Louis Joliet Hotel

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Louis Joliet Hotel
Louis Joliet Hotel 1926 - Copy.jpg
Louis Joliet Hotel is located in Illinois
Louis Joliet Hotel
Louis Joliet Hotel is located in the US
Louis Joliet Hotel
Location 22 East Clinton Street
Joliet, Will County, Illinois, United States
Coordinates 41°31′32″N 88°4′30″W / 41.52556°N 88.07500°W / 41.52556; -88.07500Coordinates: 41°31′32″N 88°4′30″W / 41.52556°N 88.07500°W / 41.52556; -88.07500
Built 1927
Architect Noyes Roach
Architectural style Classical Revival
NRHP Reference # 90000101
Added to NRHP February 9, 1990

The Louis Joliet Hotel is a historic, eight-story building in Joliet, Illinois.

History[edit]

The Classical Revival building was constructed in 1927 and initially functioned as a hotel. The Louis Joliet was one of many hotels to set up in downtown Joliet in response to increased automobile usage. The ensuing economical surge resulted in a substantial increase in the number of business travelers, and hence, an increased demand for hotel rooms. Whereas previous hotels needed to be close to either the Illinois and Michigan Canal or a train station, new hotels could set up anywhere in town. New hotels were architecturally ornate and featured dinner rooms and ballrooms. These features were intended to draw in travelers and make the hotel seem ideal for conducting business.[1]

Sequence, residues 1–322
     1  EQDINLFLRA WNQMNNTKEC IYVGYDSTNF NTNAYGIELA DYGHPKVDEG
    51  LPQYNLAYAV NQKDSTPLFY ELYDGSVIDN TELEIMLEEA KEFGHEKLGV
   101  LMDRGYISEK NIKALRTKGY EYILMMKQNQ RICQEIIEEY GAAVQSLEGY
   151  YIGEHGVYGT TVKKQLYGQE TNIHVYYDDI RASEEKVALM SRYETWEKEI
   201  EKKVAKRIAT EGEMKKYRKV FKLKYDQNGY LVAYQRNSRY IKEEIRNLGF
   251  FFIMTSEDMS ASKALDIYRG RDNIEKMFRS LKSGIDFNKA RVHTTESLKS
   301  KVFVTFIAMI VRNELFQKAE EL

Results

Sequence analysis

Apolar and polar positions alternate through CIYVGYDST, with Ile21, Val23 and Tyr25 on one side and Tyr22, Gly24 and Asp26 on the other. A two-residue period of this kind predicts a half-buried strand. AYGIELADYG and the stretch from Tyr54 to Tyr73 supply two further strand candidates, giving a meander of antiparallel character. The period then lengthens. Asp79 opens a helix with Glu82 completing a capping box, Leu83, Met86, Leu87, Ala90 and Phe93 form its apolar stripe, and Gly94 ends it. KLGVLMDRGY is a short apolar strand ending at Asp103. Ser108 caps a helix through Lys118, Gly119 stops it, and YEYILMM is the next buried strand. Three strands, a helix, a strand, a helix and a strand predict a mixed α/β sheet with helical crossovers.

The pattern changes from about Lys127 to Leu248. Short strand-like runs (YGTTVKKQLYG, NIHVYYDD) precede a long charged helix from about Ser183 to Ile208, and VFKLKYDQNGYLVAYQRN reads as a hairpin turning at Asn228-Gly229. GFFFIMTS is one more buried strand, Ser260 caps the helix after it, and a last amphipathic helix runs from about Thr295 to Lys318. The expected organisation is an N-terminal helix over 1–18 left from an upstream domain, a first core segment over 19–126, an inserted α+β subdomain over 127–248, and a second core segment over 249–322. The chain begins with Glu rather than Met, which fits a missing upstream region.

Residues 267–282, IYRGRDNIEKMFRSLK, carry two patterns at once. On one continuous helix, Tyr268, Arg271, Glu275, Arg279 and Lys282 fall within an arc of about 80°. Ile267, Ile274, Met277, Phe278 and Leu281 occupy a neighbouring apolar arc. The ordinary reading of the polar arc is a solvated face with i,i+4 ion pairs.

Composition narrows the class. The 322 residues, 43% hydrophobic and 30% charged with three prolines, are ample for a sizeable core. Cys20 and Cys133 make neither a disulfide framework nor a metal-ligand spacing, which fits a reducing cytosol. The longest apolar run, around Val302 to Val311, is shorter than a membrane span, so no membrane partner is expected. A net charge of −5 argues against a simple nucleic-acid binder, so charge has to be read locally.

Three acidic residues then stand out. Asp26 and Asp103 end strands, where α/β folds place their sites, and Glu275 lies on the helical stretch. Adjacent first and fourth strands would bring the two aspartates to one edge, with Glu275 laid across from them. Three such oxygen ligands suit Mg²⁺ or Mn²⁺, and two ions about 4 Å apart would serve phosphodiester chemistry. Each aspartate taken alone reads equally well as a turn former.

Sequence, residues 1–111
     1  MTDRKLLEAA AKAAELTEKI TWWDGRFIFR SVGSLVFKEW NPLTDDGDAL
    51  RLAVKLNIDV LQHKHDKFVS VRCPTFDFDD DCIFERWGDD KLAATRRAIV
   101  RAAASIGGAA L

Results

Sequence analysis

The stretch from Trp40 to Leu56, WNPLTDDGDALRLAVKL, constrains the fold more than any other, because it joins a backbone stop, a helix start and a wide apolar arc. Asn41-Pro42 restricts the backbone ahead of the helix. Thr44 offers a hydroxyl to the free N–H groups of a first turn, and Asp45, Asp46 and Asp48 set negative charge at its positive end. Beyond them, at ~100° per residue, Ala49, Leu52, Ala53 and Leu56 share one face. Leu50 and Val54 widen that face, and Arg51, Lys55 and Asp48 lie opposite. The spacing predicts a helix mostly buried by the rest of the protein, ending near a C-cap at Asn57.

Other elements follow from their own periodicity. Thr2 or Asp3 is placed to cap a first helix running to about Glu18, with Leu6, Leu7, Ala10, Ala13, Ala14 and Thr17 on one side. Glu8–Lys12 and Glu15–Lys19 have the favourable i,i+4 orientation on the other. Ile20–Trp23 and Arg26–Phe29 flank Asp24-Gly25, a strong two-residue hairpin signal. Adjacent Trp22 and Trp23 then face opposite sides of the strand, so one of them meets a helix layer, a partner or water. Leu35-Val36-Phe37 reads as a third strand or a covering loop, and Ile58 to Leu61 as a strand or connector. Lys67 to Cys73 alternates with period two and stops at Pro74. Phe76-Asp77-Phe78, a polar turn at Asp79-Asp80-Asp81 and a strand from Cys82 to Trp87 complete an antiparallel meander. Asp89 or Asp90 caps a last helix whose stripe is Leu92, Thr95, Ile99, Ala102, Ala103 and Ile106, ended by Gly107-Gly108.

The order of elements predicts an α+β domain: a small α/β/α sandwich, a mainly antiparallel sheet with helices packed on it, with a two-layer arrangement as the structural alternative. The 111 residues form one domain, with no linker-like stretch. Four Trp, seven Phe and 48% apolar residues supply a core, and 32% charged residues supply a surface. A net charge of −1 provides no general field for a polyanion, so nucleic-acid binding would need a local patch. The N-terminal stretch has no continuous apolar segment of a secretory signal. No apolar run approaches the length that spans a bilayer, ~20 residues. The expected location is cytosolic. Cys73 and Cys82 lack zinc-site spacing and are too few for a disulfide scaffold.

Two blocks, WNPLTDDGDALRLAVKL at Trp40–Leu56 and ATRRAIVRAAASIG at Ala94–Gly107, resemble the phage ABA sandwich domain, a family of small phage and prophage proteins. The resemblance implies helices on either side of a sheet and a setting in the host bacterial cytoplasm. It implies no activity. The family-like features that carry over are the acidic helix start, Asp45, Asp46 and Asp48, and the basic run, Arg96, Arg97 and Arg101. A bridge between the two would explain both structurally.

The Ruben Brothers were prominent developers who envisioned a new hotel near the site where they planned on building a theater. They aimed to construct an entire city block that served business and entertainment needs. The Rialto Square Theatre was constructed in 1926, but they struggled to secure financing for a hotel. Real estate developer Fred J. Walsh shared the Rubens' interest in developing a hotel on the site and was able to issue stock to finance the project. At eight stories, the Joliet Hotel was among the largest buildings in downtown Joliet upon its completion in 1927. The 225-room building cost approximately $750,000, including over $135,000 on furniture. The first floor of the hotel featured stores selling coffee, cigars, and newspapers, as well as a barber shop and reading room. The outside of the building also featured eleven shops. The hotel also owned a parking garage and offered valet services to hotel guests.[1]

By the 1950s, the demand for urban hotels was on the decline as they struggled to compete with smaller, cheaper motels along the highway. In 1964, the hotel was sold to the Active Order of Carmelites and was converted to a nursing home. In 1980, the hotel was remodeled and used as a performing arts center. It was added to the National Register of Historic Places in 1990 and was later converted into an apartment building.[1]

References[edit]